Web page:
I finally got around to watching The Business of Being Born today (via online streaming on Netflix.com btw). I've been wanting to ever since I first heard of it, just a few months before Donovan's birth. By then I had already switched from my OB to my midwife and was planning a natural birth (with, of course, backup plans if needed). In a way I think it's good that I waited this long to actually watch it. I think enough time has passed now since giving birth that I could look back on the experience while watching the documentary, and actually start looking forward to next time-- which has not been true of any other time in these past 15 or so months.
Most of the facts and arguments brought up were not new to me-- the US has a very high rate of c-sections; mid-wives have a horrible name in our country for some reason when they are the norm in prenatal care world-wide; too often doctors make decisions in childbirth that are based more on cost, schedules, and worries over getting sued, rather than the best interests of the mother or baby. And so on. But there were a few things that I had no been aware of, or had not thought of before, that I found extremely interesting.
At one point in the film one of the doctors interviewed wondered whether some of the drugs now being routinely given to women in labor might have some connection to Autism, ADHD, or any of the other disorders and problems that have been on the rise in recent years. I forget what percentage of women one of the hospitals said they gave pitocin to, but it was well over half. There are also at least 10 other drugs mentioned that are routinely given to laboring women to help speed up labor, reduce pain and discomfort, and help deal with the side effects of previously given drugs. How well do we know the long-term effects of thse drugs on women and on their newborns? We have a pretty dreadful history of using drugs in pregnancy and childbirth that only later are found to have devastating effects: two examples include Thalidomide in the 50's and 60's, and in the film they mentioned another drug that was given to women during childbirth in the 90's, that was later linked to causing the uterus to rupture in women who had previously had c-sections. (EDIT: the drug is Cytotec (Misiprostol), given to try to induce labor.) We've spent so much time and energy trying to find a link between vaccines and Autism, has anyone looked at any of these drugs used in childbirth and looked for a possible link?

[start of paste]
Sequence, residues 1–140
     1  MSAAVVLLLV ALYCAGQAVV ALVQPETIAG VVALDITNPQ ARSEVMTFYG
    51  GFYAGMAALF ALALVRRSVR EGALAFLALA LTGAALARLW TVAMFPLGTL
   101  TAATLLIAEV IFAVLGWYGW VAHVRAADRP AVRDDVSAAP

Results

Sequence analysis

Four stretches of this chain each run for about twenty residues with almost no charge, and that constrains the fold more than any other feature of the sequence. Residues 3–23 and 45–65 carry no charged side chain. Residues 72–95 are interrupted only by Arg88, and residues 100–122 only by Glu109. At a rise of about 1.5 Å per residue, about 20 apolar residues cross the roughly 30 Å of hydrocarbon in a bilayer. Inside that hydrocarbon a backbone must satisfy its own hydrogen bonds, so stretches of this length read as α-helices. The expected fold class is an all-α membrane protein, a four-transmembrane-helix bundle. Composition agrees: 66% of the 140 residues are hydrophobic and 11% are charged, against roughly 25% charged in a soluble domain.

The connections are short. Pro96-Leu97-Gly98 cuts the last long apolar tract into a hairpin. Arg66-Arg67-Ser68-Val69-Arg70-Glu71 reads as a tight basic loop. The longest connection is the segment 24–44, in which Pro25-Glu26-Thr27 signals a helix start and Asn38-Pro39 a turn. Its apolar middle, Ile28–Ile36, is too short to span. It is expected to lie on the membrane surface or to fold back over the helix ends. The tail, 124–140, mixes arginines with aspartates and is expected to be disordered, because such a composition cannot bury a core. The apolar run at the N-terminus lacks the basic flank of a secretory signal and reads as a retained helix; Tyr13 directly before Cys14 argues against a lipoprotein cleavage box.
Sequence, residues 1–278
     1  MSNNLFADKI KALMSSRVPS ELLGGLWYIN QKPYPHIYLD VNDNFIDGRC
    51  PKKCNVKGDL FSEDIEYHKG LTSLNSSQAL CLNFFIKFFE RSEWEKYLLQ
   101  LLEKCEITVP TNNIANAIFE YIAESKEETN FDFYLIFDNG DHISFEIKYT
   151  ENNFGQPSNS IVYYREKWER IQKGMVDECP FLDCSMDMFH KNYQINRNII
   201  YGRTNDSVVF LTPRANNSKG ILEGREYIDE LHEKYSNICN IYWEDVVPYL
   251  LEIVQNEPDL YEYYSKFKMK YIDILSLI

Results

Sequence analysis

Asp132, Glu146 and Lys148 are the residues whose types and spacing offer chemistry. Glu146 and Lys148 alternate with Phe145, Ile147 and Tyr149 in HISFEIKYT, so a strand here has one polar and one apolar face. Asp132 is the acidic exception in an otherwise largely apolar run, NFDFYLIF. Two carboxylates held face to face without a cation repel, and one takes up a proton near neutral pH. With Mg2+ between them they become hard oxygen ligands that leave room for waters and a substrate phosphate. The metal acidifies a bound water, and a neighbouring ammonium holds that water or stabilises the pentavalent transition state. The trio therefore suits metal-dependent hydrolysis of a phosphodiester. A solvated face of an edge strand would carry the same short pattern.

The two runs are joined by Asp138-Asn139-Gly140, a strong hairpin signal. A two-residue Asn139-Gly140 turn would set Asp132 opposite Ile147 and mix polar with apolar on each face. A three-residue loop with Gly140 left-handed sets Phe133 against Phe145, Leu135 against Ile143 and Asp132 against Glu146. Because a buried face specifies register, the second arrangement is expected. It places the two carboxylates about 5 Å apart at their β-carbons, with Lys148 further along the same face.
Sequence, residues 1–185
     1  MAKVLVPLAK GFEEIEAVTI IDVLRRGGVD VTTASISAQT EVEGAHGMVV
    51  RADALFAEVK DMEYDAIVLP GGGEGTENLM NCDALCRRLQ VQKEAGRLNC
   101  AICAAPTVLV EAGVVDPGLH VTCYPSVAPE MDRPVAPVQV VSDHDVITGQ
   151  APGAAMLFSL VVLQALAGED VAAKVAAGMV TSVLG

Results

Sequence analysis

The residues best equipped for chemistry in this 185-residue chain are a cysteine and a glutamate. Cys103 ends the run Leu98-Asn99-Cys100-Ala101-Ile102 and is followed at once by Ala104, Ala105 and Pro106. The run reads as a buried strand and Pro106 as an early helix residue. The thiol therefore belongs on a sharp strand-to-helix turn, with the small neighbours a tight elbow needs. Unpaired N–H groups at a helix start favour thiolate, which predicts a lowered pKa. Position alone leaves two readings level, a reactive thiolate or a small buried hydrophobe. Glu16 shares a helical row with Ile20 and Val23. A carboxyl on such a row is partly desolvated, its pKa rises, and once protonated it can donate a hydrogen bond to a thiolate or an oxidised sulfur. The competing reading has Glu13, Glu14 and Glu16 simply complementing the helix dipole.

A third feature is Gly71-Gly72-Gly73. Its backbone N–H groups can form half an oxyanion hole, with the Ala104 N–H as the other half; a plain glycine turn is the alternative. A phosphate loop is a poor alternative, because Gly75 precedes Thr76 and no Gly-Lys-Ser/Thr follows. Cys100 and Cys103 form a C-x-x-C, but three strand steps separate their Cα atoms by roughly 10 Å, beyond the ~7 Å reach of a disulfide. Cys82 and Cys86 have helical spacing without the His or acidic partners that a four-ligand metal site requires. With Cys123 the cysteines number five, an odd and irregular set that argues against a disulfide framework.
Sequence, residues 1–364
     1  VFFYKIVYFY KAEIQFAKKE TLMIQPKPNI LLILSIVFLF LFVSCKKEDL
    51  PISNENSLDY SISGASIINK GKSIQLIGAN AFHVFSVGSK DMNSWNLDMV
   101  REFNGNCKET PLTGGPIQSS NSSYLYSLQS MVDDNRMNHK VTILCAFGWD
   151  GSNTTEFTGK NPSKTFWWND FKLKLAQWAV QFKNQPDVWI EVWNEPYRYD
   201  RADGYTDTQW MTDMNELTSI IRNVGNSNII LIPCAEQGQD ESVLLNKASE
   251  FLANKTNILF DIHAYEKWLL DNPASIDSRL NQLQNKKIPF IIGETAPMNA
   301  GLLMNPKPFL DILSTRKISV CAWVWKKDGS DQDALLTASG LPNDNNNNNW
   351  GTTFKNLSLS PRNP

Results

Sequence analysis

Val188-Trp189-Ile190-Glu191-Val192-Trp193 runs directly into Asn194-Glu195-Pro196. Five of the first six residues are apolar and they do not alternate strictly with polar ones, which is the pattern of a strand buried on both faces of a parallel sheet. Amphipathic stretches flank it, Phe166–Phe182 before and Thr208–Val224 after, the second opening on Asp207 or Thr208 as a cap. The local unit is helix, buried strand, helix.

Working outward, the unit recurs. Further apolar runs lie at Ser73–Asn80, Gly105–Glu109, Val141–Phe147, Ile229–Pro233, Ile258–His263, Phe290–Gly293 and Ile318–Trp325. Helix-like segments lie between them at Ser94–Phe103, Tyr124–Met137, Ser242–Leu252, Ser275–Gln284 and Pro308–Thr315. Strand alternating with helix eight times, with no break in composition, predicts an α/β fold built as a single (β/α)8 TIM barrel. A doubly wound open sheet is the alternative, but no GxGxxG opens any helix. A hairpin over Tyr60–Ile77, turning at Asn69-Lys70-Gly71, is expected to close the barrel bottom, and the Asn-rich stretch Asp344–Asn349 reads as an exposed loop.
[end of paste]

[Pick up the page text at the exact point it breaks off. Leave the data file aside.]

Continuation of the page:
As Zach brought up when I was telling him about this, isn't it odd that we take so much care of what we put into our bodies when pregnant, freaking out about the tiniest potential exposure to mercury or listeria, and also are so careful about what the give newborns, yet we bombard ourselves and our babies with all these drugs during childbirth?
(I also always wondered how, when we're told over and over again not to lay on our backs during those last months of preganncy b/c it restricts bloodflow to the fetus, how it makes sense to then labor and give birth in that same position)